The “critical thinking in psychology” course provides students with the ability to see others’ perspectives enabling them to think about multiple solutions to present problems. This would enhance one’s success in public relations because this PR Specialists engage with a diverse population and understanding their viewpoints would be a valuable ability. Further, this course teaches psychology students how to evaluate the publications of others as well as examine different types of research and sources. PR Specialists must be able to adequately understand a multitude of information; therefore being able to understand and authenticate these sources of information would be beneficial.

Further, Brock offers a course called “the development of deception”. This course discusses the role of verbal and non-verbal deception cues. In this course, we learn how to evaluate body language and social cues of others. In a career where skills such as social perceptiveness, persuasion and negotiation are required, this ability is an asset. These behavioural cues are a part of the discipline of psychology, which shows ways in which this particular degree would be a valuable one to obtain.

[edit] Salary Potential

The median annual salary for this career is $49,733 according to 2014 statistics. Experience affects salary, seeing as those who enter the field usually yield a salary that is 10% below the national average, while those with experience (about the middle of their PR career) are shown to be roughly 6% above the national average, which sits at $51,000. The salary potential extends to about $70,000 for this field. This field provides health benefits, such as medical and dental[5]. Throughout Canada the salary for this profession is relatively similar, however, it does slightly vary depending on province (for a complete breakdown of salaries by province or regions within Ontario, see Job Bank Provincial Salary for PR Specialists).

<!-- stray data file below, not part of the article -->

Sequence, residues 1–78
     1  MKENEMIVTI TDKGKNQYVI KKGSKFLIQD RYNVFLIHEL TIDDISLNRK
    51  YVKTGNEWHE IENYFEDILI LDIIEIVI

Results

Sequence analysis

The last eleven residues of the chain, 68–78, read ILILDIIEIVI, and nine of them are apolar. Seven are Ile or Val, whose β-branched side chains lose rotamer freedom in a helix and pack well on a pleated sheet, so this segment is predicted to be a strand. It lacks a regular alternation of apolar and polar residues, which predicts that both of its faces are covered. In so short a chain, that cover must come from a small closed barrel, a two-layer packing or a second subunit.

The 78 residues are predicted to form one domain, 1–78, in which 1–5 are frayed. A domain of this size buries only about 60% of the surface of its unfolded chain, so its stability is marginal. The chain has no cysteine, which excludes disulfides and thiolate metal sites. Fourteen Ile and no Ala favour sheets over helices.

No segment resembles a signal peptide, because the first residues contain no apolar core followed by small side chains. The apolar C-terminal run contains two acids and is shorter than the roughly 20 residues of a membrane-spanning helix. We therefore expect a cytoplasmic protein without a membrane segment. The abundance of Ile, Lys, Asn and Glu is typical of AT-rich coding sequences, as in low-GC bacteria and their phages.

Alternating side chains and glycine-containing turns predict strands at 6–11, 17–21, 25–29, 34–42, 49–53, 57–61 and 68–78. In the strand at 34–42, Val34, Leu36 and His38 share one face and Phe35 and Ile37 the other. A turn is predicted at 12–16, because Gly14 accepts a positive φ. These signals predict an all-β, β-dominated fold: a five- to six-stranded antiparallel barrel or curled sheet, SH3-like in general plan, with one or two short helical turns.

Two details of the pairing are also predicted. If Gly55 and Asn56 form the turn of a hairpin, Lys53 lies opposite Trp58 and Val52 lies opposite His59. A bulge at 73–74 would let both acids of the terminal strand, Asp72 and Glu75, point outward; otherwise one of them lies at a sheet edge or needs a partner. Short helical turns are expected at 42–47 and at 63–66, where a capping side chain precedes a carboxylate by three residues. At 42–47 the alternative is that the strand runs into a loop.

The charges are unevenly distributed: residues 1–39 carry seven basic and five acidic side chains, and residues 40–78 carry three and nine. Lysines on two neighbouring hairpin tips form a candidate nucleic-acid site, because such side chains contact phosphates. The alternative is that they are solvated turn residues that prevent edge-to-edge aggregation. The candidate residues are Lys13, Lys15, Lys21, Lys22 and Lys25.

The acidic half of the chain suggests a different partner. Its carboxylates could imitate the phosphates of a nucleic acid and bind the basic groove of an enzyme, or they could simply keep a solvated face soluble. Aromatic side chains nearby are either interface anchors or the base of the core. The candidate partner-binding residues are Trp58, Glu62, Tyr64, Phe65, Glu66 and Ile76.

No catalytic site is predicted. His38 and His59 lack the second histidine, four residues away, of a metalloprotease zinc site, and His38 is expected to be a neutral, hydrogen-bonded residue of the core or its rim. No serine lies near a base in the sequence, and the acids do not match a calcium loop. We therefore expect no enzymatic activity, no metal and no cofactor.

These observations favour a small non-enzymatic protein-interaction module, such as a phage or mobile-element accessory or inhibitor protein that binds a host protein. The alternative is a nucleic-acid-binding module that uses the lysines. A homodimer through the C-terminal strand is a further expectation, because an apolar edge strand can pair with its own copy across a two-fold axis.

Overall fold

[edit] Job Outlook

Prospective jobs have risen significantly as a function of the demand to communications to both the internal and external parties associated with these organization. According to Service Canada, this trend is expected to increase[4]. The projected growth for this profession is between 8% and 14%. This means that from 2012 to 2022 there is an estimate of 58,800 job opportunities within this profession, however this is a projection within the United States [2]. In Canada, specifically within Ontario, it is estimated that there will be many job openings within the field. As discussed earlier, Ontario and Alberta have the most optimistic job outlooks of this profession, compared to the other provinces. Further, the use of social media has increased, which has created a higher demand for this specific profession. However, seeing as social media is constantly updated, those who are willing to work unconventional hours or are willing to work in temporary positions (as opposed to full-time) are more likely to gain employment[6].

[edit] More to Know

For more information on this profession, please visit the following websites:

Canadian Public Relations Society
Ontario Colleges that provide education programs in Public Relations

--Jc11vd 20:49, 26 March 2015 (EDT)

[edit] Notes and References

  1. 1.0 1.1 1.2 1.3 1.4 Bureau of Labor Statistics. (2015). Public Relations Specialists. Retrieved from
  2. 2.0 2.1 2.2 2.3 2.4 2.5 2.6 2.7 2.8 2.9 O*Net Online. (2014) Details Report for 27-3031.00 - Public Relations Specialists. Retrieved from
  3. 3.0 3.1 (2015). Public Relations Programs at Ontario Colleges. Retrieved from
  4. 4.0 4.1 4.2 Service Canada. (2013). Professional Occupations in Public Relations and Communications. Retrieved from
  5. Pay Scale. (2015). Public Relations (PR) Specialist Salary (Canada). Retrieved from
  6. Job Bank of Canada. (2013). Professional occupations in public relations and communications. Retrieved from